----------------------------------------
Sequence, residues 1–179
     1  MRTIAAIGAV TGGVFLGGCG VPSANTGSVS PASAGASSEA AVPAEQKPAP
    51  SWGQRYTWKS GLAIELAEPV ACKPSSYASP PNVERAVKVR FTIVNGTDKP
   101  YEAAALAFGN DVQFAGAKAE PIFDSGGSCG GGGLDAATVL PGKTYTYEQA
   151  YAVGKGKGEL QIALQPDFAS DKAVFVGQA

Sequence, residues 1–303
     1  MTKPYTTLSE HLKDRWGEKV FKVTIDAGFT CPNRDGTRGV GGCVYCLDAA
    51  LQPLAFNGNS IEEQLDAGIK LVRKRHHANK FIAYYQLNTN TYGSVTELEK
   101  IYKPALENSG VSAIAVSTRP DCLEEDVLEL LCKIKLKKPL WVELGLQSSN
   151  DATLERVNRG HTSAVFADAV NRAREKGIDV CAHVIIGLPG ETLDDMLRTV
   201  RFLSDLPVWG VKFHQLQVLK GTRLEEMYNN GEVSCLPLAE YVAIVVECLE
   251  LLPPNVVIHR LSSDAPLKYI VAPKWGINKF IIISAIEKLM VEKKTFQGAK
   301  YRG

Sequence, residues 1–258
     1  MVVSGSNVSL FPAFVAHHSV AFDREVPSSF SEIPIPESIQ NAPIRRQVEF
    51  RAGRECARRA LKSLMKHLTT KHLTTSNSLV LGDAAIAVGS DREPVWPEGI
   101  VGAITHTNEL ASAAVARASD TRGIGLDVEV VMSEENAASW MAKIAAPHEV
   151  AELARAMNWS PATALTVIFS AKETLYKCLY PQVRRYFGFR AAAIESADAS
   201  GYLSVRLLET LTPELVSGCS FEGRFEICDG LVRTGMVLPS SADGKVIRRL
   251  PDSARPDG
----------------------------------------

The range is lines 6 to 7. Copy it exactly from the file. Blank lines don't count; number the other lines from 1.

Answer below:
Sequence, residues 1–303
     1  MTKPYTTLSE HLKDRWGEKV FKVTIDAGFT CPNRDGTRGV GGCVYCLDAA